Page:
Publisher: Simon & Schuster Books for Young Readers
Release date: 2012
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Dante can swim. Ari can’t. Dante is articulate and self-assured. Ari has a hard time with words and suffers from self-doubt. Dante gets lost in poetry and art. Ari gets lost in thoughts of his older brother who is in prison. Dante is fair skinned. Ari’s features are much darker. It seems that a boy like Dante, with his open and unique perspective on life, would be the last person to break down the walls that Ari has built around himself.
But against all odds, when Ari and Dante meet, they develop a special bond that will teach them the most important truths of their lives, and help define the people they want to be. But there are big hurdles in their way, and only by believing in each other―and the power of their friendship―can Ari and Dante emerge stronger on the other side.
I’m so mad at myself that I didn’t pick up this book sooner. This is definitely a coming of age, LGBT book that everybody needs to read.
This book tackles some very important issues about sexuality and being comfortable with and unashamed of who you are. This felt like a true coming of age story. It didn’t have much of a plot and just felt more like a teenage boy living his life and discovering himself and the importance of family and friendship. The writing in this book really drew me in and I couldn’t put the book down. This was definitely a page-turner. The writing flowed so well and had short chapters that made it a very fast read. The lengths of the chapters differed throughout the book, ranging from a single paragraph to about 10 pages, and I thought that really added to the story and made it even more powerful. The writing in this book really reminded me of The Perks of Being a Wallflower by Stephen Chbosky. If you enjoyed that book, I’d definitely recommend this one.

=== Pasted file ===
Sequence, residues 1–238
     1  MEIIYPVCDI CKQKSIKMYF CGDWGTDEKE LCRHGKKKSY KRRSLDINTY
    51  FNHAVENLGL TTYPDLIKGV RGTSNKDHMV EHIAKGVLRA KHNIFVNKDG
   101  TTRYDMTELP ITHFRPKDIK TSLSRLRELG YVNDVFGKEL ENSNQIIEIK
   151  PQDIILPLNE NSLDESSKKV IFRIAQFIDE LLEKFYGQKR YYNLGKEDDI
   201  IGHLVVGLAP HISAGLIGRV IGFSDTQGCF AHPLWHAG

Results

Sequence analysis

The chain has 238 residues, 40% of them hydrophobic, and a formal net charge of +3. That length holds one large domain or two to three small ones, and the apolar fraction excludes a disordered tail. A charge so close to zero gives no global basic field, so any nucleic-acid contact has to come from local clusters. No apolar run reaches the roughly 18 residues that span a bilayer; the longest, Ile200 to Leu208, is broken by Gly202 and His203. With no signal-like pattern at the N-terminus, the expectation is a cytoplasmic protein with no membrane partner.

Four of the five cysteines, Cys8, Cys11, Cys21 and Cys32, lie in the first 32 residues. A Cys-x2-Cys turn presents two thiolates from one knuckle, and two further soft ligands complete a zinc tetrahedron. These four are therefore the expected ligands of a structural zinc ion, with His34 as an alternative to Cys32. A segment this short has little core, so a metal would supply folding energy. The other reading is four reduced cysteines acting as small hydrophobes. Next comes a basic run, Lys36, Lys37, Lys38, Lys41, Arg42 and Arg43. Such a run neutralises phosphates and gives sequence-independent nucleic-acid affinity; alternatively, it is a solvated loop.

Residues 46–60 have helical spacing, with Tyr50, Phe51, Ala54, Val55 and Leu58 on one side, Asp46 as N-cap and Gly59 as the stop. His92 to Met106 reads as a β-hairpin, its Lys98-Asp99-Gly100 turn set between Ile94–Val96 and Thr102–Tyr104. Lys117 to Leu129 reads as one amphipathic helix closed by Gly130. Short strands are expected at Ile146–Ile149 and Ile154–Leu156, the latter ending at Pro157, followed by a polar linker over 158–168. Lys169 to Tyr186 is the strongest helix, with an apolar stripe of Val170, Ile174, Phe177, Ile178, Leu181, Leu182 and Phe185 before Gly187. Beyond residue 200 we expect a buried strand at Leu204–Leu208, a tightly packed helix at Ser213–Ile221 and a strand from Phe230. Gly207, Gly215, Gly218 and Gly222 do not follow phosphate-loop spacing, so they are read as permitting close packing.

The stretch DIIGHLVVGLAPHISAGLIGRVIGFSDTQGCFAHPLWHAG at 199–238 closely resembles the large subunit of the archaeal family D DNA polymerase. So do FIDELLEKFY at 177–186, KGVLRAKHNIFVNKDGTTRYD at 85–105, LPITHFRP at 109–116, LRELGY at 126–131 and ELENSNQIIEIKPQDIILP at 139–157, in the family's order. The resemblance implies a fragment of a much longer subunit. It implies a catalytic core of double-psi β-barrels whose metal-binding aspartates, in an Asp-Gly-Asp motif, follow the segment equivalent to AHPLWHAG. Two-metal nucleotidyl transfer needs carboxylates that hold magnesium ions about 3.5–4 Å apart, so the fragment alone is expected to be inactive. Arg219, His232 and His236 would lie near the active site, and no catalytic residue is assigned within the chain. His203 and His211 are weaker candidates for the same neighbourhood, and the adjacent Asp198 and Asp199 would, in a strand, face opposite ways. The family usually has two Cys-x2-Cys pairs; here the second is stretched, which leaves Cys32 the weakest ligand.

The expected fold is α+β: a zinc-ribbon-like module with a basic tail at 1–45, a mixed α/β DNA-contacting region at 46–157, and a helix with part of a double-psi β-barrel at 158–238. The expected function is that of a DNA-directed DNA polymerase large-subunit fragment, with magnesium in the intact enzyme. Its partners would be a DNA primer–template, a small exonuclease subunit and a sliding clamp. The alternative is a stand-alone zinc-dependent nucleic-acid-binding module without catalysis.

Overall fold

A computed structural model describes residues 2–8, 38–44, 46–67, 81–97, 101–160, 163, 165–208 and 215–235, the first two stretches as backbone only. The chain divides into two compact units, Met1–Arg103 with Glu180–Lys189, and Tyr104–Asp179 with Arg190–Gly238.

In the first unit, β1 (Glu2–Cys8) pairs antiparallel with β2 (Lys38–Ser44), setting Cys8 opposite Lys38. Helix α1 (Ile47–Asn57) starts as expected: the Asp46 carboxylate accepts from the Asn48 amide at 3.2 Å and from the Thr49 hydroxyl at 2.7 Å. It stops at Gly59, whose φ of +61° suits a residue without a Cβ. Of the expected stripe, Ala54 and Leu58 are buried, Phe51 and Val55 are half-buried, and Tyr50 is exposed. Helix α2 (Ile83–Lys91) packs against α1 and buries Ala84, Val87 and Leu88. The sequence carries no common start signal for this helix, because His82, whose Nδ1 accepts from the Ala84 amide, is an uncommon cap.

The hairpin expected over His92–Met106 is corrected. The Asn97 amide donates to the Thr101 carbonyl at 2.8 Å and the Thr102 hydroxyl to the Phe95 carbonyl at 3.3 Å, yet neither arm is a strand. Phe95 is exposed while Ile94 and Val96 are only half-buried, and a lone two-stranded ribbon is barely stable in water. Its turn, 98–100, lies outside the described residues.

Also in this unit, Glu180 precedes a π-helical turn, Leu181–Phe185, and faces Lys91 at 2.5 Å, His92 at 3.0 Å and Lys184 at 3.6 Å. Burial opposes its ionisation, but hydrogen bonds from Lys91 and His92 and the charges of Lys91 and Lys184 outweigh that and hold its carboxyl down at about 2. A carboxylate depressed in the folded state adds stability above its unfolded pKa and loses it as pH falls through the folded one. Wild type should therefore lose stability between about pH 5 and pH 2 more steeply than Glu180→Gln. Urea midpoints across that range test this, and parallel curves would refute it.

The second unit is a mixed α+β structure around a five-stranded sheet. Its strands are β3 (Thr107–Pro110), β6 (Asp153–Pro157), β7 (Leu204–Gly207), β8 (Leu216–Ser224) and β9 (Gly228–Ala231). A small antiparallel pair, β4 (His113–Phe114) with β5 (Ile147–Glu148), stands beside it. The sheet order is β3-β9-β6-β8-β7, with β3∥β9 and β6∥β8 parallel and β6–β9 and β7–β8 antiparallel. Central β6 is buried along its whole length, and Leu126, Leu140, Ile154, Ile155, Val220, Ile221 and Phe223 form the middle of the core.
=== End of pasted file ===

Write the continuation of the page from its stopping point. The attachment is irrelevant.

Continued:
I thought the characters in this book were perfect. I really connected with both Aristotle and Dante and I thought their friendship was so beautiful. In fact, I thought all of the relationships in this book were beautiful and inspiring. I loved how their parents interacted with them and loved them so unconditionally. That really brought tears to my eyes. I didn’t realise how much this book affected me until I started crying… but I cried not from the injustices in the book, but from the happiness.
I really do think this is a must-read book for all teens, regardless of whether you’re gay or straight. I think everybody could benefit from reading about Aristotle and Dante.
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